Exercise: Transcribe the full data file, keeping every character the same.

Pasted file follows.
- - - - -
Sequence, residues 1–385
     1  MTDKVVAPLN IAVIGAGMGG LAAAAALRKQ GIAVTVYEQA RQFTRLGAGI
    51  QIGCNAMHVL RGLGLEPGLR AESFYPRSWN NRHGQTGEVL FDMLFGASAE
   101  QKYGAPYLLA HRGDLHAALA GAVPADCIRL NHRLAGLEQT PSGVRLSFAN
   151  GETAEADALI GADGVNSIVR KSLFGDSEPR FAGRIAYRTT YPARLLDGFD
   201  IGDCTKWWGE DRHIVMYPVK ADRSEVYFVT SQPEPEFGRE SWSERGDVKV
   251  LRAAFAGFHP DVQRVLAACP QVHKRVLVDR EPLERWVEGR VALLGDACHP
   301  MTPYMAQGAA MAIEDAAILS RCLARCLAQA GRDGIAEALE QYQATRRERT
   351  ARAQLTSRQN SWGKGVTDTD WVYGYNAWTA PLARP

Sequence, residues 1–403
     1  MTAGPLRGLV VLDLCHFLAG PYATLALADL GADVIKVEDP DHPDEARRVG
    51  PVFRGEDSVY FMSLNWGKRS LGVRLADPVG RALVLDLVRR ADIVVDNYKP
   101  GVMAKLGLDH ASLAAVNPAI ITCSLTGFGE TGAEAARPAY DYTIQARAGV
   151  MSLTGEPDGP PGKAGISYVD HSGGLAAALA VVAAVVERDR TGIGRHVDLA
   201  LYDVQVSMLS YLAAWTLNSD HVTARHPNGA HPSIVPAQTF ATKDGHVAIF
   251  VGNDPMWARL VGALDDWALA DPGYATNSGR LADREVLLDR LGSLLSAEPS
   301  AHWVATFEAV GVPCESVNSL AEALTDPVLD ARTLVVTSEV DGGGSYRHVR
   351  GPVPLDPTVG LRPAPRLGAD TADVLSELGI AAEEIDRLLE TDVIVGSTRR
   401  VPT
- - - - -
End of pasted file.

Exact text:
Sequence, residues 1–385
     1  MTDKVVAPLN IAVIGAGMGG LAAAAALRKQ GIAVTVYEQA RQFTRLGAGI
    51  QIGCNAMHVL RGLGLEPGLR AESFYPRSWN NRHGQTGEVL FDMLFGASAE
   101  QKYGAPYLLA HRGDLHAALA GAVPADCIRL NHRLAGLEQT PSGVRLSFAN
   151  GETAEADALI GADGVNSIVR KSLFGDSEPR FAGRIAYRTT YPARLLDGFD
   201  IGDCTKWWGE DRHIVMYPVK ADRSEVYFVT SQPEPEFGRE SWSERGDVKV
   251  LRAAFAGFHP DVQRVLAACP QVHKRVLVDR EPLERWVEGR VALLGDACHP
   301  MTPYMAQGAA MAIEDAAILS RCLARCLAQA GRDGIAEALE QYQATRRERT
   351  ARAQLTSRQN SWGKGVTDTD WVYGYNAWTA PLARP

Sequence, residues 1–403
     1  MTAGPLRGLV VLDLCHFLAG PYATLALADL GADVIKVEDP DHPDEARRVG
    51  PVFRGEDSVY FMSLNWGKRS LGVRLADPVG RALVLDLVRR ADIVVDNYKP
   101  GVMAKLGLDH ASLAAVNPAI ITCSLTGFGE TGAEAARPAY DYTIQARAGV
   151  MSLTGEPDGP PGKAGISYVD HSGGLAAALA VVAAVVERDR TGIGRHVDLA
   201  LYDVQVSMLS YLAAWTLNSD HVTARHPNGA HPSIVPAQTF ATKDGHVAIF
   251  VGNDPMWARL VGALDDWALA DPGYATNSGR LADREVLLDR LGSLLSAEPS
   301  AHWVATFEAV GVPCESVNSL AEALTDPVLD ARTLVVTSEV DGGGSYRHVR
   351  GPVPLDPTVG LRPAPRLGAD TADVLSELGI AAEEIDRLLE TDVIVGSTRR
   401  VPT